With the Order's definition of autodialer vacated by the ACA decision, the courts can no longer rely on that definition, and now it is up to the courts to interpret what constitutes an autodialer. The initial Circuit Court decisions on this subject were good for defendants. In Dominguez ex rel. Himself v. Yahoo, Inc., the Third Circuit sided with the defendant, emphasizing that the system used to send texts did not have "the present capacity to function as an autodialer by generating random or sequential telephone numbers and dialing those numbers."[4] The Second Circuit, in King v. Time Warner Cable Inc., heavily relied on the analysis in ACA in its decision; and concentrated on the defendant's system's capacity to make random or sequentially generated calls.[5] The Second Circuit states that "Time Warner admits that its system has 'the capacity to store numbers' and dial them." However, this did not play significantly in the Second Circuit's discussion of the autodialer definition and decision to side with the defendant.

Then, last week, the Ninth Circuit split with the Third Circuit. In a footnote, the Ninth Circuit calls the Third Circuit's assumption that a device must be able to generate random or sequential numbers to be an autodialer as "unreasoned" and that "its published opinion is unpersuasive."[6] In order to come to its decision regarding the definition of autodialer, the court acknowledged that the statutory language is ambiguous, and "look[ed] at the context and the structure of the statutory scheme."[7] The court's plain reading of the definition in § 227(a)(1) and legislative history/intent was that an autodialer includes the capacity to dial stored numbers automatically. Note that the court did not return to the Order's definition of future capacity, instead coming up with an arguably broader definition that adds capacity to dial stored numbers automatically, in other words, capacity to store numbers to be called and to dial such numbers.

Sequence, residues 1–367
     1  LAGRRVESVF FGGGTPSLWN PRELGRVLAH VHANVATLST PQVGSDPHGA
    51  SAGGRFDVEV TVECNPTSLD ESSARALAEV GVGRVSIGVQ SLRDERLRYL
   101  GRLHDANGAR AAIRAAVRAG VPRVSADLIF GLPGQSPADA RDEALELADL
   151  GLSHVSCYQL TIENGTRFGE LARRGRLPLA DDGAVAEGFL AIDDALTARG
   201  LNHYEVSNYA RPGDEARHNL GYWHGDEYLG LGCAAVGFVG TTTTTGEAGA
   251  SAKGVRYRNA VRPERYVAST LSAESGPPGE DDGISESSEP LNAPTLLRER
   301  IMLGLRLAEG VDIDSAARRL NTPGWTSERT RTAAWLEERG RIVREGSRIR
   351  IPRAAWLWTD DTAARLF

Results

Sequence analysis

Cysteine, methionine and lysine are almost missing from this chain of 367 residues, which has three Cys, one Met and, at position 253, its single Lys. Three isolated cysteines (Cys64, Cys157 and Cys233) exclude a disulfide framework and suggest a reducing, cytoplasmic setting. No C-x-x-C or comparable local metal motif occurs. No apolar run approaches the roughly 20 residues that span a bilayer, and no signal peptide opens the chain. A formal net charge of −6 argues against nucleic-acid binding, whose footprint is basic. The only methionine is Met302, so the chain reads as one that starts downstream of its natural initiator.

Full Circle-Now What?

So, we seem to have come full circle within the span of a few months, with the Ninth Circuit's definition of autodialer arguably including anything that is not a rotary-dial phone (remember FCC Chairman Pai's dissent to the Order). Almost every single home or cell phone has the capacity to dial stored numbers. With the Circuit split, the Supreme Court could decide to intervene to define autodialer. There is also the possibility of the FCC weighing in again. After the ACA decision the FCC sought comment on what constitutes an autodialer. Now, a dissenting voice in the Order, Pai, is the FCC Chairman and a newly interpreted autodialer definition by the FCC will likely be favorable for TCPA defendants. Congress could also intervene and pass a TCPA amendment clarifying the definition, but with the slow pace of Congress this may be a long-shot.

Key Takeaway

The definition of autodialer in the TCPA is in flux and uncertain. Given the high statutory damages, there are great risks to assuming that a system or phone used to call/text consumers is not an autodialer under the TCPA. As a result, businesses should thoroughly examine calling/texting campaigns to ensure that they are in complete compliance.

[1] No. 14-56834, 2018 WL 4495553, at *9 (9th Cir. Sept. 20, 2018)

[2] 885 F.3d 687, 703 (D.C. Cir. 2018)

[3] Id. at 692

[4] 894 F.3d 116, 121 (3d Cir. 2018)

[5] 894 F.3d 473, 475 (2d Cir. 2018)

[6] No. 14-56834, 2018 WL 4495553, at *9

[7] Id. at 8